3 Large Eggs
2 cups All Purpose Flour (plus extra when rolling out the dough)
1 tbsp Olive Oil
1 tsp Sea Salt
1 tbsp Beetroot Powder (optional)
500 mL Ricotta
1 Large Egg
Zest of 1 Medium Sized Lemon
1 tbsp each of Mint & Chives (almost any herb can be used here: Rosemary, Thyme, Oregano, Basil, Parsley etc.)
Salt & Pepper to taste
6 tbsp Butter
1/2 cup Reserved Pasta Water
Juice of 1 Lemon
Salt & Pepper to taste
Note: You will require a pasta machine to roll the dough out thin.
Start by making the pasta dough as it will need time to rest. Depending on if you are making by hand or stand mixer, see below.
Set a large pot of water on medium-high heat with ample amount of salt in it (when you taste the water it should be salty.)
Make the filling by mixing all the ingredients but the egg – this way you will be able to taste the mixture without consuming raw egg. Once it has the right amount of seasoning to it, mix in the egg and set aside.
Work with the dough in halves, or even quarter pieces if you don’t want it to take up too much room on your counter. Start by helping the pasta dough along by pressing it down and rolling it out slightly so it can go get through your pasta machine.
Start on the biggest setting and run the dough through. Fold the dough like a letter and send it through again (you are trying to get a nice rectangle shape going before making the dough thinner). Send the dough through the next setting. You will want to dust the dough very lightly with flour or semolina flour to keep it from getting sticky. Keep running the dough through each setting until fairly thin. You do not want the dough to be too thick since you will be putting another layer on top to close up the raviolis.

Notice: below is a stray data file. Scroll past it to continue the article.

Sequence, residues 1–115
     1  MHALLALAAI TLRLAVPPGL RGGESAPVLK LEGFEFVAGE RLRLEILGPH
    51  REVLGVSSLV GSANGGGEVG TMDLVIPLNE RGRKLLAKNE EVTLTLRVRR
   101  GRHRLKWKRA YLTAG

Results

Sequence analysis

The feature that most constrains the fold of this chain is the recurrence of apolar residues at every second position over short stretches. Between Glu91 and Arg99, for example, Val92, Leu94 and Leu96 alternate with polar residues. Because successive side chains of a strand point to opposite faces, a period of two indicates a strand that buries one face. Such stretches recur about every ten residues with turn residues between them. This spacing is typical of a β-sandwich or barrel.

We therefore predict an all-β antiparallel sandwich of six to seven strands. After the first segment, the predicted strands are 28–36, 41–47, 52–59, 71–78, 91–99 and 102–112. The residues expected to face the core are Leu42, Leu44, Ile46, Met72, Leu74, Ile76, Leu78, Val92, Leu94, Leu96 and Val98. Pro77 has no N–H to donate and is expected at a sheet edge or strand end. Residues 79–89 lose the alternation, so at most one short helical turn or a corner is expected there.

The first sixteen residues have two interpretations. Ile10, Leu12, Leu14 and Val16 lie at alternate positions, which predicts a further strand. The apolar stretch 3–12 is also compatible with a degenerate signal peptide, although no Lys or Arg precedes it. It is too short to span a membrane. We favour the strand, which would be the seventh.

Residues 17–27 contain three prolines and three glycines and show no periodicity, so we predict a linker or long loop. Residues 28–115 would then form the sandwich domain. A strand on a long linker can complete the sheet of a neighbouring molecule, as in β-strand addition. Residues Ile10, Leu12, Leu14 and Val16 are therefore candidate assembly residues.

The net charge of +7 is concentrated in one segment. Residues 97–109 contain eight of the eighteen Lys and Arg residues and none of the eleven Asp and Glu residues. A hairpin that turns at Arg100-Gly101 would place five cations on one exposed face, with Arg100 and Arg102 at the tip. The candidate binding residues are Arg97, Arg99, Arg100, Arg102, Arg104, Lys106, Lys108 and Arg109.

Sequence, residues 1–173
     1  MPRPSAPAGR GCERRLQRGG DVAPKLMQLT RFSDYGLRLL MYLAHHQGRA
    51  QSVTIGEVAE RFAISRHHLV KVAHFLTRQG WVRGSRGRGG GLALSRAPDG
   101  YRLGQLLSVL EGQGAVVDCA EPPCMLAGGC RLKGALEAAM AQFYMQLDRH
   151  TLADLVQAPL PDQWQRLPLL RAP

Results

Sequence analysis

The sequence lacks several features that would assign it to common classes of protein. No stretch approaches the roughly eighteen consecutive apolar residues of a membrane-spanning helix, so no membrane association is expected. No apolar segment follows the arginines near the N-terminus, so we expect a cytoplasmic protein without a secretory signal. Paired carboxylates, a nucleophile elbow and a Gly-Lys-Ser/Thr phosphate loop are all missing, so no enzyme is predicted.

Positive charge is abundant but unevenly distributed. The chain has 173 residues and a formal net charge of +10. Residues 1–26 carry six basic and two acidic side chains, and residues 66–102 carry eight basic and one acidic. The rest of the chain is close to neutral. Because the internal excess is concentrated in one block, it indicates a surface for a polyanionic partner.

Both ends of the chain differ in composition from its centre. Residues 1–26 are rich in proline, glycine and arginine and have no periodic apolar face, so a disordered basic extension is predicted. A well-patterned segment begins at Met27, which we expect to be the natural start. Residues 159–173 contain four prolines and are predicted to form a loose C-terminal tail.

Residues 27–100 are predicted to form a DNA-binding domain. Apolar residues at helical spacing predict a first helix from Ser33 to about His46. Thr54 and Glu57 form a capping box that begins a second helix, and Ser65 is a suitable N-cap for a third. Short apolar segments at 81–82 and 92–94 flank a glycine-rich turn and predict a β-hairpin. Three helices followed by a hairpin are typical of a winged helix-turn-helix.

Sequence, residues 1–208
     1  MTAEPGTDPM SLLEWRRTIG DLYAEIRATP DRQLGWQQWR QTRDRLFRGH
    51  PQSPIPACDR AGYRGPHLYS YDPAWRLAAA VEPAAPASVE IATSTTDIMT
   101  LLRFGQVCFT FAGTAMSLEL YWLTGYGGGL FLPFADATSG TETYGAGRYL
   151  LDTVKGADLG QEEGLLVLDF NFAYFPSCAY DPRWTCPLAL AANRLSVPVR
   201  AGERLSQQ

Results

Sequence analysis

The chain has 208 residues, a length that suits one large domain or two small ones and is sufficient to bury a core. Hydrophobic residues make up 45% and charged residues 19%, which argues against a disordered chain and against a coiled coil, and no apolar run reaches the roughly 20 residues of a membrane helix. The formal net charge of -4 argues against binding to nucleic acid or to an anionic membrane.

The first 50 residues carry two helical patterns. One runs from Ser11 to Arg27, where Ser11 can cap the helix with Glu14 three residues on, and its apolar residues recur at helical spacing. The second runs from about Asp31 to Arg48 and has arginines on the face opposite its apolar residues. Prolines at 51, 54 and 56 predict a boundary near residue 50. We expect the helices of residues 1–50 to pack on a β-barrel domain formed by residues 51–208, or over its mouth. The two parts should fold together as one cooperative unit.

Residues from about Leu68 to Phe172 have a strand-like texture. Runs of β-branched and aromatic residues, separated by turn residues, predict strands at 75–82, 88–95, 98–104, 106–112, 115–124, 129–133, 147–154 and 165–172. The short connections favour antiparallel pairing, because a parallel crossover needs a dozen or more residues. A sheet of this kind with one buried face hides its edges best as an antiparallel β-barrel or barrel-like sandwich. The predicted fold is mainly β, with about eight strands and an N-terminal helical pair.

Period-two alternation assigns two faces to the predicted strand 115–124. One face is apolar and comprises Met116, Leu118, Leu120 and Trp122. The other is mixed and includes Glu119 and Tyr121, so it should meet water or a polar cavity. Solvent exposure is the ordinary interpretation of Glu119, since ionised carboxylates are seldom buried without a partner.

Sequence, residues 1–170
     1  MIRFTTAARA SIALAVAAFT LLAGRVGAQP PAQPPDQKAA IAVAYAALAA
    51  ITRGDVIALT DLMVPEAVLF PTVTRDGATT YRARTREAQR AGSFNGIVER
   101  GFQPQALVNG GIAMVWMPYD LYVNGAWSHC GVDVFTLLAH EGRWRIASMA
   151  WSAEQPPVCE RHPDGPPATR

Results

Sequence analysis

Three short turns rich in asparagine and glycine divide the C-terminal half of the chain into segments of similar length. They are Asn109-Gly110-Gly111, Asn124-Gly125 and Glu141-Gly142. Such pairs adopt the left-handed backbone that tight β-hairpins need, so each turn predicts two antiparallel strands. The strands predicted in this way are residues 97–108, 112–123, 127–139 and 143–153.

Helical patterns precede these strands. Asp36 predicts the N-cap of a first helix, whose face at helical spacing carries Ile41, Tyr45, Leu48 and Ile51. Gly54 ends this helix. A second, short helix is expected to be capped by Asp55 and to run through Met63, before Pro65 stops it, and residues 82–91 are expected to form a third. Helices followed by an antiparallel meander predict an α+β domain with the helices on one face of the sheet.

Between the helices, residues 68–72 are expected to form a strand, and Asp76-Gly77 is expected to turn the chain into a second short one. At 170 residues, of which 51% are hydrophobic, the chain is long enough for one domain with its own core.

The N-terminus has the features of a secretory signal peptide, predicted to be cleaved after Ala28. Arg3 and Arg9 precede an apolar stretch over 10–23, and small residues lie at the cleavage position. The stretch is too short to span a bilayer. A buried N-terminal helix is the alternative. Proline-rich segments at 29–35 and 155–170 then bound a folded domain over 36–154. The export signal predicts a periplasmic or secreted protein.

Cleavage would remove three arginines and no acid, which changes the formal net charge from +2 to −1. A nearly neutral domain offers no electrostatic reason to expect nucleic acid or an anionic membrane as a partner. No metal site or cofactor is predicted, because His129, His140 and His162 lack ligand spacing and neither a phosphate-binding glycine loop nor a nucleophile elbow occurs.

Lay the sheet on the counter and dollop the filling, in the middle of the sheet, leaving space in between. The amount you dollop will depend on the size of ravioli you want to make, whether larger or smaller. Having another sheet of pasta ready, dip your finger into water and draw a circle of water around the filling before placing the second pasta sheet carefully on top. The water will make sure the two sheets of pasta adhere.
Next, using both hands, carefully press down around each filling and try to expel any trapped air out from the filling area. Having air pockets trapped could result in your raviolis bursting open when boiling. Cut with a circular fluted cutter, or a drinking glass.
Once all your raviolis are made set your water on high heat to bring it to a boil.
In a large pan on medium to medium-high heat start melting the butter. Let the butter sizzle away, separate and brown. You will see it darken and take on a nutty aroma. Set aside.
Drop the ravioli into the water and cook for about 3 minutes (fresh pasta cooks much quicker than dried). Lift them out with a slotted utensil and put them straight into the browned butter and put them back on a high heat. When it begins to heat up and bubble, add in a scoop of pasta water and another nub of butter – this will help to create a velvety homogenous sauce – finish with a squeeze of lemon and season to taste and plate.
This process should be relatively quick as you don’t want to overcook the ravioli. If it looks like the sauce isn’t coming together quickly enough, plate the ravioli and let the sauce finish on the stove before spooning it on your delicious pasta pillows.
Top with freshly grated parmesan if desired and enjoy!